Most people are aware of the fact that body- tension causes body – discomfort, like chronic neck, shoulders, or back pain. They look at tension as a problem, and their goal is to get rid of it. They feel relaxed after the tension is gone.
We do need a certain amount of muscle-tension in our body, to keep us upright, and to move. Our muscles work in such a way that when one muscle-group tightens, another group relaxes. For example – when eating – as we hold the fork – we bring our hand close to our mouth. In order to do this we have to bend the forearm on the elbow. In order to do this – our biceps in our upper arm have to tighten, while our triceps in the back of our upper arm –have to relax.
When we do the action described above, or any other action, in a relaxed way – our muscles still use tension, in the same way described above: One group tightens, and the other group relaxes. However – when being in a relaxed state – the body uses the minimum amount of tension needed for the action, and this tension takes place only in the right group-muscles.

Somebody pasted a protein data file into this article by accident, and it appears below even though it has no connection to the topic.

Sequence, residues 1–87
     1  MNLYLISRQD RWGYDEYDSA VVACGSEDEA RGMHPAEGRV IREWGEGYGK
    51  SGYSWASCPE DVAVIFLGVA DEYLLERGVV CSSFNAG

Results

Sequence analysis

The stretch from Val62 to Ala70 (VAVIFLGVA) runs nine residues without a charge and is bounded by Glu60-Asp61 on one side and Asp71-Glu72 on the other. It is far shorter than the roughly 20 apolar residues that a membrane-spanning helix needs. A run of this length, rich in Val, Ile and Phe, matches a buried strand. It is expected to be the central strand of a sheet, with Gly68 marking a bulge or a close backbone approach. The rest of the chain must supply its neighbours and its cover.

The Alexander Technique does not deal with the question “which muscles should do what.” It looks at the body as a whole, and helps us become aware of how we carry our head on the top of our spine. As we become aware of this type of whole body-balance – we gradually develop better skills at improving the relationship between our head, neck, and back. As we improve this dynamic relationship, our movements become easy, and our muscles react to this ease by reducing unnecessary tension, and producing the right amount of tension only in the right places.
This awareness of this specific type of balance, is one aspect of the Alexander Technique. The technique includes a number of aspects, and is based on a set of guidelines which require thought and attention to what our body is doing, and where it’s going.